One family’s journey honoring a loved one’s memory on Overdose Awareness Day

Published 5:54 pm Sunday, September 10, 2023

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Members from the community and representatives from substance use treatment programs and facilities gathered recently to mark National Overdose Awareness Day with a walk at Stanly Commons.

Many families had luminaries honoring the lives of loved ones lost to substance use. Several in recovery shared their testimony to those in attendance while facilities had tables to share information with the public about their services.

Sandy Duarte has seen examples of substance use in her own family in multiple ways.

Her former husband of 28 years suffered a back injury and became addicted to painkillers, she said.

“Our marriage did not survive his opioid addiction,” Duarte added, saying three of her five family members dabbled in drugs.

Her oldest son, Cody, and her daughter, Gretchen, both used drugs, at times with their father.

Cody served in the Marine Corps, including a tour in Afghanistan, and was honorably discharged. He fell into addiction after coming home, along with his sister, she said.

“Their dad was not just doing painkillers anymore. When heroin hit my family, it’s when it all fell apart,” Duarte said. “He went through our entire life savings…I had to ask him to leave.”

Gretchen overdosed on the way to going to detox, she added. On their way to the facility, Gretchen asked her mother to pull over to go to the bathroom.

“I had no clue she had done heroin in the bathroom…she became unresponsive and I had to pull over and call 911. We were in Concord, and (emergency responders) had to Narcan her four or five times,” she said.

The journey for her two children continued when both were arrested. Cody did not go to jail, but Gretchen did. Her mother said Gretchen found Jesus while in jail, later going to a women’s recovery house in Union County called House of Pearls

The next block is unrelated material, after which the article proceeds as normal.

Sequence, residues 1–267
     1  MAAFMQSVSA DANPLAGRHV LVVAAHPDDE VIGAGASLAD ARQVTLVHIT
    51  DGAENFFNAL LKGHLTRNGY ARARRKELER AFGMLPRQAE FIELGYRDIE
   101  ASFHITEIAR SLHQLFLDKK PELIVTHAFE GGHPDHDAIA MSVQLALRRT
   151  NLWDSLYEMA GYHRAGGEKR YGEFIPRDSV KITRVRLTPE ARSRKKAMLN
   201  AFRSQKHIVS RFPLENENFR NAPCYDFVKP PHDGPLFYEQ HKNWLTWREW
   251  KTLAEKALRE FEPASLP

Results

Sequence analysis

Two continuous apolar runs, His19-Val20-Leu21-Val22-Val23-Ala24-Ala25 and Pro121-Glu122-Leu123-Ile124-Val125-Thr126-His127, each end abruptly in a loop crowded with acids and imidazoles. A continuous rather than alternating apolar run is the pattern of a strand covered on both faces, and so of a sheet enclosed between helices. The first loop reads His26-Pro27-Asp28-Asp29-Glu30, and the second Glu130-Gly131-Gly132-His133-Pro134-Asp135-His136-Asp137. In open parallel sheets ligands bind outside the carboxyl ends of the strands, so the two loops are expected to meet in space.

“She has been clean now for four years,” Duarte said.

Cody’s journey, however, took a turn for the worse.

“I was enabling him. I was loaning him my car, loaning him money,” she said. “It’s not just the addict who has to hit rock bottom, but it’s the enabler.”

Reaching that point, she said, she stopped enabling him, and he started going to church and got clean.

“I had my son back. Everybody was just amazed; his whole life was turned around. Everything was fine for five months,” Duarte said.

Cody got through the holidays and his 30th birthday, but one month after that, he got a headache and was having trouble sleeping.

“We went to Zaxby’s and I got him a salad, and we picked up some Excedrin,” Duarte said. “Later than night I called him and he didn’t answer so I didn’t think anything of it because he had been doing so well.”

The next morning, she got the call no parent ever wants to receive. Someone who worked with him had found him. He died in March 2022 from fentanyl poisoning just two weeks before his mother was to remarry.

“I wake up, as God as my witness, I still wake up in shock some days. Sometimes I feel like it didn’t happen,” Duarte said.

One thing which has helped, she said, has been to help others who are going through similar losses.

“Helping others is definitely a part of the healing process, and it helps you. You feel like you’re going to cave if you don’t help others,” Duarte said.

It also helps, she added, “allowing them to lean on you and then allowing them to just fall apart in your presence.”

In much the same way, she said, as those with substance use problems deal with those issues moment to moment, so do the families who have lost loved ones to it.

“I’m still in the process of rebuilding myself. I pray every day that God will use me to help others, because I feel that is going to help me deal with it better,” Duarte said.

She said she hoped her story would show others that her life “can be completely shattered and turned upside down by addiction.”

By being part of the recent event, Duarte said she walked “to bring awareness that overdoses not only take lives, but destroy the lives of families suffering the loss. These families are all around you. They live and work, attend church and their children attend schools right here.

“Overdoses affect the entire community. It can happen to any family at any time. I pray for change.”

About Charles Curcio

Charles Curcio has served as the sports editor of the Stanly News & Press for more than 16 years and has written numerous news and feature storeis as well. He was awarded the NCHSAA Tim Stevens Media Representative of the Year and named CNHI Sports Editor of the Year in 2014. He has also won an award from Boone Newspapers, and has won four North Carolina Press Association awards.

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